The BBC staffer accused of paying a teenager for sexually explicit photographs has been named as Huw Edwards, one of the network’s top anchors.
The equivalent of NBC’s Brian Williams (before he was fired for embellishing an Iraq war story), Edwards is one of the most senior on-air figures at the corporation and was the anchor chosen to break news of Queen Elizabeth II’s death to the world last September. He is the fourth highest paid figure at the BBC.
Edwards’ wife, Vicky Flind, issued a statement on the anchor’s behalf saying Edwards is suffering “serious mental health issues” and has been hospitalized. “As is well documented, he has been treated for severe depression in recent years,” she said. “The events of the last few days have greatly worsened matters.”
Last weekend, U.K. tabloid The Sun broke the news that an unnamed anchor — whom they described as a “well-known presenter” — had been taken off air while the the BBC investigated allegations he had paid a teenager over £35,000 ($44,500) in exchange for explicit photographs since they were 17.
Accompanying the story was an interview with the teen’s mother (whose name had also been withheld) who claimed the money had been used to fund the teenager’s “crack habit.”
In a surprising twist, two days after the story broke a lawyer for the teenager released a statement disputing the mother’s account and saying “nothing inappropriate or unlawful has taken place between our client and the BBC personality and the allegations reported in The Sun newspaper are rubbish,” according to The Times of London.
Before the teen’s statement was released, the BBC said they had suspended the anchor while they investigated the matter. It was also reported the Metropolitan Police had been contacted. On Wednesday evening, the BBC released a statement saying the police did not plan to investigate and the corporation would be resuming its investigation.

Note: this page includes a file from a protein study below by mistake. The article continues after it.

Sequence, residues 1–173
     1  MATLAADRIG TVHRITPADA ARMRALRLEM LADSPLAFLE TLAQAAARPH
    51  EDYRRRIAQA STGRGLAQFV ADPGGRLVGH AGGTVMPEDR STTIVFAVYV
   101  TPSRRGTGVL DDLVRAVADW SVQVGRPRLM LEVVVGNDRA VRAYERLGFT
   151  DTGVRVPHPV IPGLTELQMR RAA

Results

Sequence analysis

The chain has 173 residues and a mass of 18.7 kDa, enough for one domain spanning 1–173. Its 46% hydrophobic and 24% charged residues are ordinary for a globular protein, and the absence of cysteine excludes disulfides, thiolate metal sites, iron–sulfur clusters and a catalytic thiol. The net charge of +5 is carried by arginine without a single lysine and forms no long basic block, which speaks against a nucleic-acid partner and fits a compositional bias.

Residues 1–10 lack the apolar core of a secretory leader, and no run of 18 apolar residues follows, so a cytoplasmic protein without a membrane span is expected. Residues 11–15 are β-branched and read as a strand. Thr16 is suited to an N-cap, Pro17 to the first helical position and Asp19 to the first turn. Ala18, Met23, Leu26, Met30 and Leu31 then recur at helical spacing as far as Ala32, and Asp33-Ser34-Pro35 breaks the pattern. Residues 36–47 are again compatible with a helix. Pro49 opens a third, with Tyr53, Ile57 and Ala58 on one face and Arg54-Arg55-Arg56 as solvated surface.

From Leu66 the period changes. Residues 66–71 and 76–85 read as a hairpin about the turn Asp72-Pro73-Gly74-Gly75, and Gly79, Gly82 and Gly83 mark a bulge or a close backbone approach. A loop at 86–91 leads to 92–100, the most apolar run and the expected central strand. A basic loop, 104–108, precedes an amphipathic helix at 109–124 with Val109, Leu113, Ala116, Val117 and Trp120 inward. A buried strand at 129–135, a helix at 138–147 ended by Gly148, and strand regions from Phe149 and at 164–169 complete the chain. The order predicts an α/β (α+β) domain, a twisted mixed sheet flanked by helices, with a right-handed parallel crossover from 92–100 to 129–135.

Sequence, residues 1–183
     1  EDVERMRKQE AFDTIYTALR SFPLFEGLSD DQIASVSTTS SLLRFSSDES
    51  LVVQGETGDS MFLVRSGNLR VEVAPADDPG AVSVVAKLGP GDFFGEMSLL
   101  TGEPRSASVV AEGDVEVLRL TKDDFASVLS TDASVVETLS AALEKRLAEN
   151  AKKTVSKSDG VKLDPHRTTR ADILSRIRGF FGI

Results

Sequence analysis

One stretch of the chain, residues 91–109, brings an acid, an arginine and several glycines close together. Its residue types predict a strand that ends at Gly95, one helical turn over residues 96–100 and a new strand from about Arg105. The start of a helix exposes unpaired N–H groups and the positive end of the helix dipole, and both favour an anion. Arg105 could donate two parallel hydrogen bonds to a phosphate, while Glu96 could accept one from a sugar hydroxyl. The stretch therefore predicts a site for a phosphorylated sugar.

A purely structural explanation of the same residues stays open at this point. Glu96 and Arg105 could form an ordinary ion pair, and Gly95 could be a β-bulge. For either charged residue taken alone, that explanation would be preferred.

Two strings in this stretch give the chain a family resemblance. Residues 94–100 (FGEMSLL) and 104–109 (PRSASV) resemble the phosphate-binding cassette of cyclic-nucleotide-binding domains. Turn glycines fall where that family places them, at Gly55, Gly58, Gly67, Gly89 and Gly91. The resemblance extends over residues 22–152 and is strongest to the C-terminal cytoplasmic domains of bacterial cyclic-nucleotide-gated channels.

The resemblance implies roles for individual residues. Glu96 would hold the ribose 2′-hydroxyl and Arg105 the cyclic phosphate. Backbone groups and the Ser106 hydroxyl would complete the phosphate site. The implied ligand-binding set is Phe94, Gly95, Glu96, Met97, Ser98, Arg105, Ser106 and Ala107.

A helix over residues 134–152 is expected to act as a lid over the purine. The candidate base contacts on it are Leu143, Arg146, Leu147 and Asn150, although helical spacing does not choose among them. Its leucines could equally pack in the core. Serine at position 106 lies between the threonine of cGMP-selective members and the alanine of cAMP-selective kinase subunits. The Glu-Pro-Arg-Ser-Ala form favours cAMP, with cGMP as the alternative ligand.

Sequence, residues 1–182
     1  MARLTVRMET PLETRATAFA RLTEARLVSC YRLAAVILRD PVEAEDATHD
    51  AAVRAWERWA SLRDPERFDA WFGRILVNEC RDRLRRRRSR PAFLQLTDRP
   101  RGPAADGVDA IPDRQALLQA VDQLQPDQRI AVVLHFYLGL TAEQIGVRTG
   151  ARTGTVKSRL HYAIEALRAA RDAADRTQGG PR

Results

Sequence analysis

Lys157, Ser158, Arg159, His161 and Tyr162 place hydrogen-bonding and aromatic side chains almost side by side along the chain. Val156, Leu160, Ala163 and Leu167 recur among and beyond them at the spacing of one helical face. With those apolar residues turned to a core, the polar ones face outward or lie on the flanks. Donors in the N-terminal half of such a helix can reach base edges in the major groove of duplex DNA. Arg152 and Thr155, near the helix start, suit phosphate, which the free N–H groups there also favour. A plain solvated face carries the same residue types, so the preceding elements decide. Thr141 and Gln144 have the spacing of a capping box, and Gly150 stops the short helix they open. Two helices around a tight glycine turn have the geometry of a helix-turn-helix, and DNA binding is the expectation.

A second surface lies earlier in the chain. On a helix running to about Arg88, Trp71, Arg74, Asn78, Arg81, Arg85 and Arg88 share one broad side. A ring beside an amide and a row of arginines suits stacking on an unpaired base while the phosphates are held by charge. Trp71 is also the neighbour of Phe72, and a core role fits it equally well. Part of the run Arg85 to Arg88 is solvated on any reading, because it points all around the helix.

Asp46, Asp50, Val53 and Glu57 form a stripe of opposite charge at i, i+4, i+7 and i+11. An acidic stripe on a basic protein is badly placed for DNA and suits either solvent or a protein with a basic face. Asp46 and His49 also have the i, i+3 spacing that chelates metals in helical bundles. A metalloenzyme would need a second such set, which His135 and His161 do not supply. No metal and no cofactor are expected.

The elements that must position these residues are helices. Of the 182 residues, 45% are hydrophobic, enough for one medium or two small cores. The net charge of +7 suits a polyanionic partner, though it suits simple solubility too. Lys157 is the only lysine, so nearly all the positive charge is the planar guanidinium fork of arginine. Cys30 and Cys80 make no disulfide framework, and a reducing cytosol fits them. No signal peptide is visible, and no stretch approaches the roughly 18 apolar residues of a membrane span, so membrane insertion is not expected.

“We have seen the statement from the police confirming they have completed their assessment and are not taking further action,” a spokesperson said. “We’re grateful to them for completing this work at speed. The police had previously asked us to pause our fact finding investigations and we will now move forward with that work, ensuring due process and a thorough assessment of the facts, whilst continuing to be mindful of our duty of care to all involved.”
Under the U.K.’s Protection of Children Act in 1978 it is a crime to take, make, share and possess indecent images of people under 18, and the the maximum sentence for the offense is 10 years.
Read Vicky Flind’s full statement below:
“In light of the recent reporting regarding the ‘BBC Presenter’ I am making this statement on behalf of my husband Huw Edwards, after what have been five extremely difficult days for our family. I am doing this primarily out of concern for his mental well-being and to protect our children.
Huw is suffering from serious mental health issues. As is well documented, he has been treated for severe depression in recent years. The events of the last few days have greatly worsened matters, he has suffered another serious episode and is now receiving in-patient hospital care where he’ll stay for the foreseeable future.
Once well enough to do so, he intends to respond to the stories that have been published. To be clear Huw was first told that there were allegations being made against him last Thursday.
In the circumstances and given Huw’s condition I would like to ask that the privacy of my family and everyone else caught up in these upsetting events is respected.
I know that Huw is deeply sorry that so many colleagues have been impacted by the recent media speculation. We hope this statement will bring that to an end.”